The European Securities and Markets Authority (Esma) has initiated an investigation against three credit rating agencies including Standard & Poor’s (S&P), Fitch and Moody’s Investors Service to examine their practices for evaluation of banks.
Esma chairman Steven Maijoor told Financial Times that the pan-European watchdog will verify whether the process applied by rating agencies are due diligence and sufficiently rigorous and transparent and is expected to finish the same by the end of 2012.
Last year, the regulators had made it mandatory for credit rating agencies to register with Esma, after being severely criticised over rosy opinions of structured products and banks before the financial crisis and mass downgrades of sovereigns and financial institutions amid the eurozone crisis.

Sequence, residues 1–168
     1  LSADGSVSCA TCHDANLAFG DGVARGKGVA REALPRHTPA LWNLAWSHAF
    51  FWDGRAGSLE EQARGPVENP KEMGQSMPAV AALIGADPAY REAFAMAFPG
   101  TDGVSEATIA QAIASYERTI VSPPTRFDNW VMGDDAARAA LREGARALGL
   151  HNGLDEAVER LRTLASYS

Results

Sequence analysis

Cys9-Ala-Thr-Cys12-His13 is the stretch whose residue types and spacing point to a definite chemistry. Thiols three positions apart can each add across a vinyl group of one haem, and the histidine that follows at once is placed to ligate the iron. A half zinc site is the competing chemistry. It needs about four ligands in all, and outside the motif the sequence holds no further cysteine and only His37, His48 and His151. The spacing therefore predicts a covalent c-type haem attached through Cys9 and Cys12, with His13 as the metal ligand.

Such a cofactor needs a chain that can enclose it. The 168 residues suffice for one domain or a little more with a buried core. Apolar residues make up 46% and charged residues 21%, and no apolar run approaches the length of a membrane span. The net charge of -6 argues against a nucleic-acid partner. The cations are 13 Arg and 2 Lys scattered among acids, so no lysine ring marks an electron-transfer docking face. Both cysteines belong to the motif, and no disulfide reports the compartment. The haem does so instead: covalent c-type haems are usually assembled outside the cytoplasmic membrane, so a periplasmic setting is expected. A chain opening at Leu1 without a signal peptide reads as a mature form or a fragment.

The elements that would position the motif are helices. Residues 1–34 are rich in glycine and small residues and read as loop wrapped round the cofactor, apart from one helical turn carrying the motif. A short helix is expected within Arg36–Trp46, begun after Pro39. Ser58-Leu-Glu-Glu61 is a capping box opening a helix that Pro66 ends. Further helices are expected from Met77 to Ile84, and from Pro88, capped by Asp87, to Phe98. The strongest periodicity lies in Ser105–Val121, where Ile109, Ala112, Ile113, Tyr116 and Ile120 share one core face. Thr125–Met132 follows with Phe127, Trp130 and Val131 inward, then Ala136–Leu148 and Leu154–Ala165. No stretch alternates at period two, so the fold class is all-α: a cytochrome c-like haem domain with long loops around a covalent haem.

Maijoor further added, "Bank ratings are very important because there is an interaction with sovereign ratings and government bonds."
"This is an area where there have been many ratings changes in the past weeks and years. That raises issues of whether there is sufficient resource and expertise to cope with the additional work."
He said that Esma was not trying to influence the actual ratings and stressed, "This is not rating the ratings. We are not putting restrictions on the methodology. We only ask that their choices make economic sense and be logical."
Moody’s downgraded 15 global banks last month and S&P took a similar step late last year, downgrading 15 of the top 37 global banks in November after changing its methodology.